Why Plant an Oak Savannah
Every autumn for thousands of years, the valleys of the Pacific Northwest would fill up with smoke. Low-intensity fires would spread through the grass, and then fizzle out when the first rains came.
These fires stopped after the Oregon Trail. The white settlers who came and manifested destiny lit fires only to cook and keep warm. They wielded the axe and the plow, and millions of acres were transformed, and biologically simplified.
The attitude of those settlers persists today. Our culture tends to ask: “How can we get the most out of the land, in the shortest time?”
As our technologies have quickened, this attitude has become an expectation. Our media celebrate and offer instant gratification. We want a lot, and we want it now. On one level, this seems reasonable: the future is never guaranteed, and so it is risky to plan far ahead and to exercise patience. Yet there must be better questions that we can ask ourselves, and better answers, than "we want a lot now."
The indigenous people of the Willamette, Cowlitz, Puyallup, and many other valleys lit broad-acre fires every autumn in order to make the landscape more diverse and abundant. The fires incinerated douglas fir seedlings and stimulated the growth of camas (a wild edible tuber), mariposa lily, and hundreds of other bounteous wildflowers. The low-intensity fires opened up the country to make hunting easier, and toasted crickets (delicious, proteinaceous snacks). The fires encouraged an expansive, regal landscape with a singular type of tree as its crown.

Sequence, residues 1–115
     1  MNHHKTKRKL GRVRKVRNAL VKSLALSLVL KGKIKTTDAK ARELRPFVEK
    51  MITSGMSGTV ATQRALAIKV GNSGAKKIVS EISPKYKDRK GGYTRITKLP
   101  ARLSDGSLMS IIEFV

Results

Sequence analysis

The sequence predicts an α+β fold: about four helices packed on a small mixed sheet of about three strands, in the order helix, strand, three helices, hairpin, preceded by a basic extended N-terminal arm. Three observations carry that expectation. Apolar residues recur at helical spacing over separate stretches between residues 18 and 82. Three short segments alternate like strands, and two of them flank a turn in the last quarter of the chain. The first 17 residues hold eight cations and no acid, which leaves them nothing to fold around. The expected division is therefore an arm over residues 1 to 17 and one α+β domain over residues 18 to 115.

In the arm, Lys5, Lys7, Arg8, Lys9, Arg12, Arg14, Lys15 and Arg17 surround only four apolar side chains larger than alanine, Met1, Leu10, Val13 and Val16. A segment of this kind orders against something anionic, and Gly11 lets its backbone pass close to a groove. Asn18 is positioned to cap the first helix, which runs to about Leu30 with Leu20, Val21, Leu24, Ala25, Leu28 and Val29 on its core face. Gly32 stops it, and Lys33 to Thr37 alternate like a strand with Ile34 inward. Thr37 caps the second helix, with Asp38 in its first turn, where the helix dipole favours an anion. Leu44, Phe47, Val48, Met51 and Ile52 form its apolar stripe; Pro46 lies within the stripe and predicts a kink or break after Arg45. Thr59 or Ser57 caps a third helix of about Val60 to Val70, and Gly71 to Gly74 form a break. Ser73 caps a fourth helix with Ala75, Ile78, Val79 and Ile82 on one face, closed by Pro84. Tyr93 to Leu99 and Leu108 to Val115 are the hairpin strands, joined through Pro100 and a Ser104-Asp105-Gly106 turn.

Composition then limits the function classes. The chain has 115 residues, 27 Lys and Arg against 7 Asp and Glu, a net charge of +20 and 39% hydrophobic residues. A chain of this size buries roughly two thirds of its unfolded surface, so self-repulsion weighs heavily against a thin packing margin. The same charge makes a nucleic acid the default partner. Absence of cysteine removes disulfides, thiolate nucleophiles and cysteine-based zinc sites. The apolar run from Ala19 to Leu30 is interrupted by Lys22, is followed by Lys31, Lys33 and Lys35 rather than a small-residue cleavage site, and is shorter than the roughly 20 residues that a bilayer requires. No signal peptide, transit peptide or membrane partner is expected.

The Oregon white oak, or Garry oak, is not a competitive tree. It grows rather slowly and tolerates no shade. In the absence of low-intensity fires (which it is adapted to live through), Oregon white oaks will quickly be crowded out by fast-growing Douglas firs. Without the land-management practices of indigenous people, the valleys I mentioned above would have been wooded with conifer forests in 1826, when the botanist David Douglas first noted their edenic prairies. There are compelling reasons to think that the main motive for the annual fires was to favor the oaks.
Let’s step forward in time to this year, 2017. It was late summer, hot, windless; a perfect day to float on the Yakima River. Five of us drove up with our floats to the northern corner of Spoon Full Farm, the furthest upriver point, a place rarely visited. I hopped out of the truck and noticed her for the first time: the queen tree of this land. Leathery green leaves (well-adapted for holding water during midsummer’s dry heat) sprouted from a canopy as oblong and round as a brain. Among the leaves there dangled little acorns, still young and green. There were hundreds and hundreds of them. I grabbed a low-hanging branch and tugged on an acorn — but it wouldn’t come easily… it wasn’t yet ready.
Central Washington has its share of beautiful trees. The burly Ponderosa, with its puzzle-piece layers of armor. The exuberant cottonwood, which seems to exude a golden light of its own on evenings in autumn. But to me the most beautiful tree in our region is the Oregon white oak - yes, this oak grows on both sides of the cascades.
So I kept coming back to check on the queen tree and her acorns. I started spotting more and more oak trees growing in thick stands. Whenever I drove upriver on highway 10, I would stop, pick an acorn, and twist its little cap, which would only come off easily if the acorn was ripe. My drives took longer, and my walks on the farm always seemed to take me to that northern corner. I started being late for appointments. I started dreaming about acorns, and big oak trees, and the hundreds of species of flowers, bugs and birds that they enable to grow.